Chemical & Engineering News: “Eco-friendly,” touts the tag hanging from an insulated lunch tote.

“Environment-friendly,” reads the label on a household cleaner. Yet exactly what these green marketing claims mean isn’t clear to consumers, according to the Federal Trade Commission. Now, FTC, the federal agency tasked with ferreting out unfair or deceptive advertising, is putting pressure on companies to drop overly broad environmental claims. This includes such phrases as environmentally friendly and eco-friendly.“Such claims are likely to suggest that the product has specific and far-reaching environmental benefits,” says an FTC proposal issued earlier this month. “Very few products, if any, have all the attributes consumers seem to perceive from such claims, making these claims nearly impossible to substantiate.” More . . .

New Haven Register: Eco group finds outdoor furnaces a major hazard in Conn.

Environment and Human Health Inc.’s latest study claims that outdoor wood furnaces are unsafe, and are filling the lungs of neighbors with the same toxins as cigarette smoke, including the carcinogens benzene and formaldehyde. * * * The study showed that a house 100 feet from an outdoor wood furnace had 14 times the levels of particulate matter as houses not near an outdoor wood furnace and nine times the levels of the federal Environmental Protection Agency air standards. A house as far away as 850 feet from an outdoor wood furnace had six times the levels of particulate matter as the houses not near an outdoor wood furnace and four times EPA air standards. People who have described their symptoms to EHHI say they wake up at night with coughing, headaches, inability to catch their breath, continual sore throats, bronchitis and colds. Levels of particulate matter that exceed the EPA standards are associated with asthma or chronic obstructive pulmonary disease attacks and hospitalizations, and are also associated with increased risk of cardiac attacks, Brown said. “We are particularly concerned about wood boilers because of the carcinogens and fine particulate matter much like tobacco smoke, that lodges deep into the lungs,” said Dawn Mays-Hardy, director of health promotion for the American Lung Association, New England. “We think the risks are such that such devices should not be allowed,” said David R. Brown, a public health toxicologist from Westport. More . . .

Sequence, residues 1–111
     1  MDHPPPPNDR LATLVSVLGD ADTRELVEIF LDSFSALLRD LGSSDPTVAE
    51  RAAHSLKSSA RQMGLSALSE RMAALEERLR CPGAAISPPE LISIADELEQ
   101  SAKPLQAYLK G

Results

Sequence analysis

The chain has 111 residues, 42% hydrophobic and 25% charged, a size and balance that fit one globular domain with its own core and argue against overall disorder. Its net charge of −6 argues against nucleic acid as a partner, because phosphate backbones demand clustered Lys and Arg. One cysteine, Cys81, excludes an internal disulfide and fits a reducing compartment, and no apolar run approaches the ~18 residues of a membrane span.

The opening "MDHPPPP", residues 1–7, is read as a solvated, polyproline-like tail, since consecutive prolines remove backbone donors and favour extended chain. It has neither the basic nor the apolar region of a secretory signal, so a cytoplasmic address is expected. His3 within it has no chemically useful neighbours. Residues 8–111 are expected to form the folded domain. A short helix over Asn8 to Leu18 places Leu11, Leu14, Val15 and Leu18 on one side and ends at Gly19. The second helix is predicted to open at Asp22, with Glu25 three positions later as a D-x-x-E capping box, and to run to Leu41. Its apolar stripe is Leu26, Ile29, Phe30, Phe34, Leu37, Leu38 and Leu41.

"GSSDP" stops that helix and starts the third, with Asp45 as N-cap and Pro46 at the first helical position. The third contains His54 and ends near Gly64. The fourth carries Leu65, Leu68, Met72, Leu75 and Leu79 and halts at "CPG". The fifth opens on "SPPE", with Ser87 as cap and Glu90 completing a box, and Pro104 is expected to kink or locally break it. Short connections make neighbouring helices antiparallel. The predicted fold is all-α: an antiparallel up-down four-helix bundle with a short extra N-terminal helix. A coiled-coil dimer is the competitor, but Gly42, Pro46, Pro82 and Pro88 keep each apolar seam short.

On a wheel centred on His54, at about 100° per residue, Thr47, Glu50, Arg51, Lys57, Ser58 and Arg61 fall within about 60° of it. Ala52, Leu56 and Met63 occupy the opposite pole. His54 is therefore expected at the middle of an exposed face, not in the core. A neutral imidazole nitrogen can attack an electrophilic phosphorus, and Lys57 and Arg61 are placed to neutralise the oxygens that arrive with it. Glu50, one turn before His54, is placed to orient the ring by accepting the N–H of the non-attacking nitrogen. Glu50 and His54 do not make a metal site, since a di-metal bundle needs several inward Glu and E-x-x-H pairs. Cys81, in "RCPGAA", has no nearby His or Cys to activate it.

USA Today: High levels of BPA cause sperm problems, study finds.

For the first time, a study in humans suggests that a controversial, estrogen-like chemical in plastic may be related to conditions that reduce men’s fertility. Men with higher levels of BPA, or bisphenol A, were two to four times more likely than others to have problems with sperm quality and quantity, the study shows. . . . [M]en with high levels of BPA in urine and semen were more likely to have fewer sperm overall, fewer live sperm and poor semen quality. Their sperm also had more problems swimming, according to a study of 514 Chinese workers . . . . More . . .

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